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If you use Whatsapp, your data is about to become the property of Facebook

Julien Mercille explains how you can take steps to protect your data.

Julien Mercille Associate professor, UCD

DO YOU USE WhatsApp? If so, some of your data will soon be transferred to Facebook, whether you want it or not. Anybody who cares about privacy should consider switching to the messaging app Signal.

Two years ago, Facebook acquired WhatsApp for $19 billion and has now seriously undermined its privacy commitments. The Electronic Freedom Foundation wrote that WhatsApp’s new policy “lays the groundwork for alarming data sharing between WhatsApp and its parent company Facebook”.

Facebook will gain access to important pieces of your WhatsApp information, such as your phone number, list of contacts, and usage data (when you last used WhatsApp, on which device you used it on, etc.).

WhatsApp is trying to make the policy change look benign and hard for users to opt out of certain aspects of it.

Indeed, you may have noticed WhatsApp recently asking you to agree to the terms of its new policy, which it says will “improve your Facebook ads and products experiences”. There is a way to partially opt out but it requires a few steps.

Unwanted advertising

Basically, you need to click on the small print link and then uncheck a box, as this concise guide shows. If you choose to keep using WhatsApp, you should definitely do this. The fact that WhatsApp and Facebook are making it complicated to prevent them from using your data should make you wonder what they will end up doing with it.

You’re only given the choice to prevent Facebook from using the information to send you relevant ads and make friend recommendations to you.

Even if you opt out of that, WhatsApp will still pass on your information to Facebook, as a WhatsApp spokesperson confirmed:

The Facebook family of companies will still receive and use this information for other purposes such as improving infrastructure and delivery systems, understanding how our services or theirs are used, securing systems, and fighting spam, abuse, or infringement activities.

Metadata vulnerable

One could counter that WhatsApp is still a good app because it uses end-to-end encryption, which means that all messages you send and receive are protected. This is true and is indeed a good thing. It prevents governments and spies from reading the content of the messages you send or receive. Even WhatsApp (or Facebook) cannot see their content.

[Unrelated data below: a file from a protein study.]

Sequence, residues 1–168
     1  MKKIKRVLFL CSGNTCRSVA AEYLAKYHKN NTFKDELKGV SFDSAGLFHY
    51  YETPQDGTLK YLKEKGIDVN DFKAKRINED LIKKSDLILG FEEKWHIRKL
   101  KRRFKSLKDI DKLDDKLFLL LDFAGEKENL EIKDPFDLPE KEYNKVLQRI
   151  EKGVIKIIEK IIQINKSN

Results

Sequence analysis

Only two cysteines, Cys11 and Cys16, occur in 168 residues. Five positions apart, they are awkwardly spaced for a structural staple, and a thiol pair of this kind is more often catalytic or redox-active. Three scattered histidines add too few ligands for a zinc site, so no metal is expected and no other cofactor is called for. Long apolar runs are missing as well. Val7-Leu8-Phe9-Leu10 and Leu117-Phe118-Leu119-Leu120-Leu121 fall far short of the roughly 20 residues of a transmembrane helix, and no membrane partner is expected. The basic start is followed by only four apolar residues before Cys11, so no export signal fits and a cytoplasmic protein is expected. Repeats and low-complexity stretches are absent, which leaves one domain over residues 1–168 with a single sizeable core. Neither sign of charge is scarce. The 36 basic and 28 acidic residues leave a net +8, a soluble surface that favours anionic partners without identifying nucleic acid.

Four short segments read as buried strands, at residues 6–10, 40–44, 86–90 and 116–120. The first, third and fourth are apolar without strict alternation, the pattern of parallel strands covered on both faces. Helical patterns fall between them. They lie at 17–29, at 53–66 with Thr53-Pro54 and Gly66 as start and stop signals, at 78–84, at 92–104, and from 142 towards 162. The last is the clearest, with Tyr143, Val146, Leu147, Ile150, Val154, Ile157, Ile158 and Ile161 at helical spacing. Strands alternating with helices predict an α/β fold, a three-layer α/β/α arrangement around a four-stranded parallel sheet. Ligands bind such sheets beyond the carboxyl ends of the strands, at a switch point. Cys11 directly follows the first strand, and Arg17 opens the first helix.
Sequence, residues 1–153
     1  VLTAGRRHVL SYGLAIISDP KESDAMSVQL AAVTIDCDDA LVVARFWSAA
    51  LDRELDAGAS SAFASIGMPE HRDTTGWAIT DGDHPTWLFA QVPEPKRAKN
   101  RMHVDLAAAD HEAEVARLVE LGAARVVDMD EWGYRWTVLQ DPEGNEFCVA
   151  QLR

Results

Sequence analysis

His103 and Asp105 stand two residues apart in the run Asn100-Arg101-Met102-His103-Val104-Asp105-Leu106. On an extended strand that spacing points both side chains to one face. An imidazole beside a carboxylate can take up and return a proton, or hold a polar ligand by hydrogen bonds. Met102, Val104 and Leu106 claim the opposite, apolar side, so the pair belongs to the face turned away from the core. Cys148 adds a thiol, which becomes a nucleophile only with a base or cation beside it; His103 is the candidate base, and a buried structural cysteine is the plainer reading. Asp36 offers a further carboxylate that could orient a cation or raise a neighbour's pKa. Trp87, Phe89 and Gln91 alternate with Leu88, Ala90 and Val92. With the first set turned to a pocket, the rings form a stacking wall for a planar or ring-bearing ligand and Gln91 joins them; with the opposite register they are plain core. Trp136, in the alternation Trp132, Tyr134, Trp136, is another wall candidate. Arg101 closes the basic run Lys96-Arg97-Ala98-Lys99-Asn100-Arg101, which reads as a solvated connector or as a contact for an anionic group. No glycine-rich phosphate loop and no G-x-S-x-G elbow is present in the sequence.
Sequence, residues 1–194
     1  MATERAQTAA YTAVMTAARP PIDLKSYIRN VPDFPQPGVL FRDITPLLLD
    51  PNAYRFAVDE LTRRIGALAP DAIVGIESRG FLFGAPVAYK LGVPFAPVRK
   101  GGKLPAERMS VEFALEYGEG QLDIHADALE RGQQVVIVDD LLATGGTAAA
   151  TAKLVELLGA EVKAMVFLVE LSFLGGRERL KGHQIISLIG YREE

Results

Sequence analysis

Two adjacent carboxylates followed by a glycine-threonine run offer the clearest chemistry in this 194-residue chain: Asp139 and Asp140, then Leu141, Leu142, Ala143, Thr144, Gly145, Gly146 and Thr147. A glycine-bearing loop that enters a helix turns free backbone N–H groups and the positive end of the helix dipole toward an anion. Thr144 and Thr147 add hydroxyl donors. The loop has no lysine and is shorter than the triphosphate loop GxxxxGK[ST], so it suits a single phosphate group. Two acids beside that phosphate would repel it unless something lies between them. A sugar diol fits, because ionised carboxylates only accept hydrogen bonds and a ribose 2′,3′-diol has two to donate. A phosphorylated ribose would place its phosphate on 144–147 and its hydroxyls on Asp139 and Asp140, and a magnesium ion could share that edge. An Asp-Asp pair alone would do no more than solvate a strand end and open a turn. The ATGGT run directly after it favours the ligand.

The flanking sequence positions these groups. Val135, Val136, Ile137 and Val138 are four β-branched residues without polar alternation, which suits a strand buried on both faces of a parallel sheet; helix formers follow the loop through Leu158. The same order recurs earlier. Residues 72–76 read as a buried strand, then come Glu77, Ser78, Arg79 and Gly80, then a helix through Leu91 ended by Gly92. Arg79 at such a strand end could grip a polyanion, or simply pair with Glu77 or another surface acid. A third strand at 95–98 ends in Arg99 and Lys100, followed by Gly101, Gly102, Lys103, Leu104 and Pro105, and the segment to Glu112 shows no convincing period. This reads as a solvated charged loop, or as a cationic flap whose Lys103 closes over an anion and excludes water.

However, the message metadata can be seen. This refers to information such as who are the sender and the recipient. This information can be given to governments, just like your contact list.

This is not just a hypothetical situation. Justice Minister Frances Fitzgerald has recently announced moves to give the State new powers to intercept our social media messages, including WhatsApp, Facebook and email messages.

The new proposals are pitched in terms of combating crime, but it is not hard to imagine that they could also be used to spy on activists such as water charge protesters.

There is another big problem with WhatsApp: by default, it allows your messages to be backed up to the cloud by your phone. When on the cloud (on your Google account or iCloud account), their contents can be seen (the end-to-end encryption only works when the messages are actually sent to the recipient over the internet). You can, and should, disable this back up feature, but it’s yet another step that many people won’t take.

Advice: don’t use Whatsapp

There is an easy solution to those problems: for sensitive conversations, don’t use WhatsApp. Use Signal instead.

The app can be downloaded on the Android Play Store or the iPhone App Store.

Signal is an app that works the same way as WhatsApp, but gives you much better protection. Signal also uses end-to-end encryption but it doesn’t store metadata, nor does it backup your messages to your Google or iCloud account. Even if Signal itself wanted to access this data, it couldn’t—their system is set up in such a way that they don’t have the key to the data.

Therefore, if a government asked Signal that it hands over the content or the metadata of your messages, or your contact list, Signal cannot hand it over. And if that government asks Google or Apple for the backups of your messages, there will be nothing there either.

The main downside of Signal is that it is not used by as many people as WhatsApp, so a lot of your friends might not be on it. But for confidential communications, and to preserve your privacy, it’s well worth convincing them to install the app.

Julien Mercille is a lecturer at University College Dublin.

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About the author:

Julien Mercille  / Associate professor, UCD

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